But the problem we find as individuals and as a nation is that we do not want to worship and serve God rightly. We dream up every possible notion about why God’s word does not apply to us at this time in history. We suppose that His definitions and demands for righteousness and justice have changed over the centuries and no longer apply. We tell each other that God’s perfect law of liberty is imperfect and cruel, and outdated, and only for national Israel four thousand years ago. We think that the definitions for justice have somehow changed so that what was once righteous and just is now to be set aside for different, modern ideas. These are deadly notions that lead us and our nation directly into God’s gun sights for judgment instead of blessing. We have become Israel needing judgment but do not understand our danger. We could live more righteously and justly and attract God’s blessings but we think ourselves wiser than we really are as we stumble along toward Gomorrah.

National Israel went through the cycle of righteousness—disobedience—God’s cursing and judgment—repentance—blessing—numerous times. Here in Judges we see three or four times before Gideon was raised up to save them once again.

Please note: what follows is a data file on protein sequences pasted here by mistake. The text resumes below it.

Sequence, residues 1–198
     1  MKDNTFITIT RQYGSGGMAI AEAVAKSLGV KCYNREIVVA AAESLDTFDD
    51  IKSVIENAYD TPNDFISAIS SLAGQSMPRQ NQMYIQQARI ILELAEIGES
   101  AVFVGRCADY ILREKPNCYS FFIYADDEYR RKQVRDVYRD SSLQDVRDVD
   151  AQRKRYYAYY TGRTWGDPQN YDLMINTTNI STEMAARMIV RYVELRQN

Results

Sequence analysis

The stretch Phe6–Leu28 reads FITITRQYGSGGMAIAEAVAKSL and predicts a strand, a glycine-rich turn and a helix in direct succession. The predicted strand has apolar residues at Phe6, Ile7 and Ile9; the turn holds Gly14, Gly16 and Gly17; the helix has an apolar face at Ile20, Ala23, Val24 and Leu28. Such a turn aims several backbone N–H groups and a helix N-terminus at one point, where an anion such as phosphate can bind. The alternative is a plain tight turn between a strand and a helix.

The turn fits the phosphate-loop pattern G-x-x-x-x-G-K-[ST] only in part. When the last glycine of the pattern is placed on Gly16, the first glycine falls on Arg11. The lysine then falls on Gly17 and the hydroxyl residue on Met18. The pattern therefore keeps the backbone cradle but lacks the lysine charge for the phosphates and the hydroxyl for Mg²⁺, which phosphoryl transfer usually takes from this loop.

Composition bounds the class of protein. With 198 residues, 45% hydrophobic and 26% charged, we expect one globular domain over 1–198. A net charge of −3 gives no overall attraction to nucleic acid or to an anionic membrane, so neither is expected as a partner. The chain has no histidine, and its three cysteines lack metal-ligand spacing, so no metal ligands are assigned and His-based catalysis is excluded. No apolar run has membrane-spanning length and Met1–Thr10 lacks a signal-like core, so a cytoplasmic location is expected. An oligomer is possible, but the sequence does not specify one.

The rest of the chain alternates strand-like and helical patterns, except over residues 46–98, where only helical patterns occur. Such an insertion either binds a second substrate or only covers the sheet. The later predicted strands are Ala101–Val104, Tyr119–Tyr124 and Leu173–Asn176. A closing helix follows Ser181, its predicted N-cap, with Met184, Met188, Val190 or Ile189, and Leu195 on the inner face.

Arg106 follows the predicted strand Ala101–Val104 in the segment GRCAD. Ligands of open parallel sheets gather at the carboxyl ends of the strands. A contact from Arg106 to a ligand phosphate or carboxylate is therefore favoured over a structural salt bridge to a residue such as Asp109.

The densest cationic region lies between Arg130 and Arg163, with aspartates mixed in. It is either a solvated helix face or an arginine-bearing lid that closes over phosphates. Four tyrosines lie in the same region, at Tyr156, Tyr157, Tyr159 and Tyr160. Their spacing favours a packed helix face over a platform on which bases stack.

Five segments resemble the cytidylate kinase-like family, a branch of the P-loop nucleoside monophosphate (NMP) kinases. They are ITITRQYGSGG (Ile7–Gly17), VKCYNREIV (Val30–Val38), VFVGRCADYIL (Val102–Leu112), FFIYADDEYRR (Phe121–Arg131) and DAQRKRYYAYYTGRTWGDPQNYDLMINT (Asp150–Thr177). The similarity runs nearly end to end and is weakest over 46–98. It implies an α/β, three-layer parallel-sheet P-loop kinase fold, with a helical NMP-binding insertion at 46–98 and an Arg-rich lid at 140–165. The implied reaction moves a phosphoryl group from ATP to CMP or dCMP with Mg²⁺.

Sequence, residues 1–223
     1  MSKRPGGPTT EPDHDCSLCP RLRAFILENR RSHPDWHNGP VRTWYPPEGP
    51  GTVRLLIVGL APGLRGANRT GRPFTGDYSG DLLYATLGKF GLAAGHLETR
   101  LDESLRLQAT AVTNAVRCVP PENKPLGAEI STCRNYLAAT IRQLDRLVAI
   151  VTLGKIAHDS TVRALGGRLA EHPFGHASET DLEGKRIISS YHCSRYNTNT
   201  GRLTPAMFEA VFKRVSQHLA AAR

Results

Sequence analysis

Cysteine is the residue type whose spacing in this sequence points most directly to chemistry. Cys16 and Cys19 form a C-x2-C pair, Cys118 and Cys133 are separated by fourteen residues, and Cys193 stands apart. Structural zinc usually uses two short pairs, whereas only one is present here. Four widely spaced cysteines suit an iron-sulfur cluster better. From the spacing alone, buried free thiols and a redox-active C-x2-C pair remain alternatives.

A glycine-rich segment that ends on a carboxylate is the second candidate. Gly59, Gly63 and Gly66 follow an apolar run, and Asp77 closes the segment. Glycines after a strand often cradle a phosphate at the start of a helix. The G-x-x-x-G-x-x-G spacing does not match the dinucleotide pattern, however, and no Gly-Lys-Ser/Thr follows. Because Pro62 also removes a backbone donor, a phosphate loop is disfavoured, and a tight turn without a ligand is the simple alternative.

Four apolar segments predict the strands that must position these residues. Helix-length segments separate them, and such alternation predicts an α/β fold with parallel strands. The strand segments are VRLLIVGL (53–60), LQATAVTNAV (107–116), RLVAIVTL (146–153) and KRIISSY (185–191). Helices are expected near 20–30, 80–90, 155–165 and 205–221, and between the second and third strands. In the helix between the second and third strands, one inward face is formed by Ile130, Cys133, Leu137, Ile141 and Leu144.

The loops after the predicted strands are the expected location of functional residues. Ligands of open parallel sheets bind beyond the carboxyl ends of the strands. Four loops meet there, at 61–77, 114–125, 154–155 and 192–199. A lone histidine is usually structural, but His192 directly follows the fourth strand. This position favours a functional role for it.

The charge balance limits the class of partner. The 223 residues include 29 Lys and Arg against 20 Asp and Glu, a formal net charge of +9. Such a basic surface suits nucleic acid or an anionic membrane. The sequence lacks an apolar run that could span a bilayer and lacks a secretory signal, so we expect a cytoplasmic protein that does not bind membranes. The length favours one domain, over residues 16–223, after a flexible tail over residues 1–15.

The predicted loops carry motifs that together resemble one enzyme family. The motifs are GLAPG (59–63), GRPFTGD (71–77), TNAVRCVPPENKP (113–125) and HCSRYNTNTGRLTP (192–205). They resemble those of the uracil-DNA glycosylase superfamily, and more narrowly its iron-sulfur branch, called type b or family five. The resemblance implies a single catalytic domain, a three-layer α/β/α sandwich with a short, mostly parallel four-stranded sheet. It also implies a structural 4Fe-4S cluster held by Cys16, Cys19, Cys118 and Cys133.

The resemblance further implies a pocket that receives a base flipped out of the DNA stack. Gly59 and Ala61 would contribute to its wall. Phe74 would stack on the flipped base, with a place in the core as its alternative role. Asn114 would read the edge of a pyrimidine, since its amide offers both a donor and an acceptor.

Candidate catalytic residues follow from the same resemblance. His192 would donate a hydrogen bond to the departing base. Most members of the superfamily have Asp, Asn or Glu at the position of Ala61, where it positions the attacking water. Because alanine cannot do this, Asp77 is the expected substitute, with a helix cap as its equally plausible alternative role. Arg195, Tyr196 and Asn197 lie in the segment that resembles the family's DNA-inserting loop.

Knowing Good & Evil

In a second judgment God from which God saved His people we read:

Then the land had rest forty years. And Othniel the son of Kenaz died (Judges 3:11).

Now the sons of Israel again did evil in the sight of the LORD. So the LORD strengthened Eglon the king of Moab against Israel, because they had done evil in the sight of the LORD. And he gathered to himself the sons of Ammon and Amalek; and he went and defeated Israel, and they possessed the city of the palm trees. The sons of Israel served Eglon the king of Moab eighteen years. But when the sons of Israel cried to the LORD, the LORD raised up a deliverer for them, Ehud the son of Gera, the Benjamite, a left-handed man. And the sons of Israel sent tribute by him to Eglon the king of Moab (Judges 3:12–15).

This time it was Judge Ehud who led Israel to victory. The passage tells us that Israel “did evil in the sight of the Lord” and this was the reason that God raised up the king of Moab against them. We may wonder why the description of what Israel did wrong was so short. What exactly did the nation of Israel do to deserve the Lord’s judgment? How can any nation know when it is getting into trouble with God? How can Americans know when our behavior will attract the judgments and discipline of God? That is what we really need to know. How can we know when we have done evil in the sight of the Lord? Why such a short description if its answer is critical to a nation’s survival? It may appear to be a thorny problem at first glance but God expects us to know the answer easily.